Areas that contain a relatively high proportion of sensitive habitats, biotopes or species that are functionally fragile (highly susceptible to degradation or depletion by human activity or by natural events) or with slow recovery
Vulnerability of species
- Inferred from the history of how species or populations in other similar areas responded to perturbations
- Species of low fecundity, slow growth, long time to sexual maturity, longevity (e.g. sharks)
- Species with structures providing biogenic habitats, such as deep-water corals, sponges and bryozoans; deep-water species
Vulnerability of habitats
- Ice-covered areas susceptible to ship-based pollution
- Ocean acidification can make deep-sea habitats more vulnerable and increase susceptibility to human-induced changes
Case study: Slopes of the Flemish Cap and Grand Bank
The slopes of the Flemish Cap and Grand Banks of Newfoundland contain most of the aggregations of organisms that are indicative of vulnerable marine ecosystems (VME) identified in areas beyond national jurisdiction in the northwest Atlantic Ocean. Such organisms include deep-sea sponge, corals and seapens that occur in dense aggregations, which can act as habitat, breeding ground, nursery and refuge area for countless other species, including commercially important fish species.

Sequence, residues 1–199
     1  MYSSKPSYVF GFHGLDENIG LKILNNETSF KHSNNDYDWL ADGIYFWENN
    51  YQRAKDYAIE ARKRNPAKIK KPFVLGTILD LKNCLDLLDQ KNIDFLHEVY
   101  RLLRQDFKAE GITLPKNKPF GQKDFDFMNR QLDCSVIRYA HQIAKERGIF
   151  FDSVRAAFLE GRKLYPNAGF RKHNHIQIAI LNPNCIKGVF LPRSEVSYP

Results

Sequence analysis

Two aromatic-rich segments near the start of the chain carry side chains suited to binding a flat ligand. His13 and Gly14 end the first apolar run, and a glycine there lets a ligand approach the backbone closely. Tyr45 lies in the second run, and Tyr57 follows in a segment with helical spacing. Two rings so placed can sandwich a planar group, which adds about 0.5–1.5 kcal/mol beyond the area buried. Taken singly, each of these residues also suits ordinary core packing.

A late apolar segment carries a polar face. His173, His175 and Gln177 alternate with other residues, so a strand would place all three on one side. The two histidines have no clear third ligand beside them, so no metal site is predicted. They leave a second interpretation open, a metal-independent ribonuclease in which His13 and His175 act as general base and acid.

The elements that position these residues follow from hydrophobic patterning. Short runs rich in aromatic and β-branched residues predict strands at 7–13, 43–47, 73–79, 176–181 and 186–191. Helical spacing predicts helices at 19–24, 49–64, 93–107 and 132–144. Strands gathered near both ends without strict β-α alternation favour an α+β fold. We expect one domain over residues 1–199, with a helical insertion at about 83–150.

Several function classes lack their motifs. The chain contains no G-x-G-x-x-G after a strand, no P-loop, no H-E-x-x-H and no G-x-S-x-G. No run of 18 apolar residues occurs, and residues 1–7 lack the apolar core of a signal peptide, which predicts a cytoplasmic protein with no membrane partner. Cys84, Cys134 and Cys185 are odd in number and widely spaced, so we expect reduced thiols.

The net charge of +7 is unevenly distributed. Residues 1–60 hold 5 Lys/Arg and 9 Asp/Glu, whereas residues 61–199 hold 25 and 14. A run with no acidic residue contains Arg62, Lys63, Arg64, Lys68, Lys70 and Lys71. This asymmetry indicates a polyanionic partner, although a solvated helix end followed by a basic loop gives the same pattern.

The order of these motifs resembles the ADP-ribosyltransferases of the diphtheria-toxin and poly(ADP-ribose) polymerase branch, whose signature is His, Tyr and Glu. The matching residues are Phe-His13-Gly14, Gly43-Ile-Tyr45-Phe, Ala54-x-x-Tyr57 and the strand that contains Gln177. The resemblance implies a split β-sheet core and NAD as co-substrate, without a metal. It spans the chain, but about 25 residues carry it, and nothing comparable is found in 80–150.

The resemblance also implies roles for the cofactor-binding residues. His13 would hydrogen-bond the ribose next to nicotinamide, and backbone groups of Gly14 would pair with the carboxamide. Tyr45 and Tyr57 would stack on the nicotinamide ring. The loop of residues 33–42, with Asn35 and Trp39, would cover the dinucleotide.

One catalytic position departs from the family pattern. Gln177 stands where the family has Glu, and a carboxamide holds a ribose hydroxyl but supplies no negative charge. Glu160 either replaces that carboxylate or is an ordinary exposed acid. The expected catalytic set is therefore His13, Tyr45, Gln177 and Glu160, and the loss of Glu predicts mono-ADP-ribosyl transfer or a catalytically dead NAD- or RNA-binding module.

The reason for their vulnerability is that deep-sea species tend to be slow growing, slow to mature and reproduce, and fragile; they are also in the path of deep-sea trawlers that target the fish. Recovery after disturbance of those species and the reef habitats they create is likely to take many decades or even centuries. This EBSA includes all the sponge grounds and deep-sea coral aggregations known in the area, as well as other VME indicator species, such as tube-dwelling anemones and sea lilies, and VME elements such as canyons, steep flanks and knolls. Beaked whales, sperm whales, hooded seals, abundant squid species, wolffish, Greenland sharks and seabirds such as little auk and great skua are frequent visitors to the area.
The Slopes of the Flemish Cap and Grand Bank were described by participants at the Regional EBSA Workshop for the North-west Atlantic, and designated as an EBSA at COP12 (Decision XII/22, October 2014).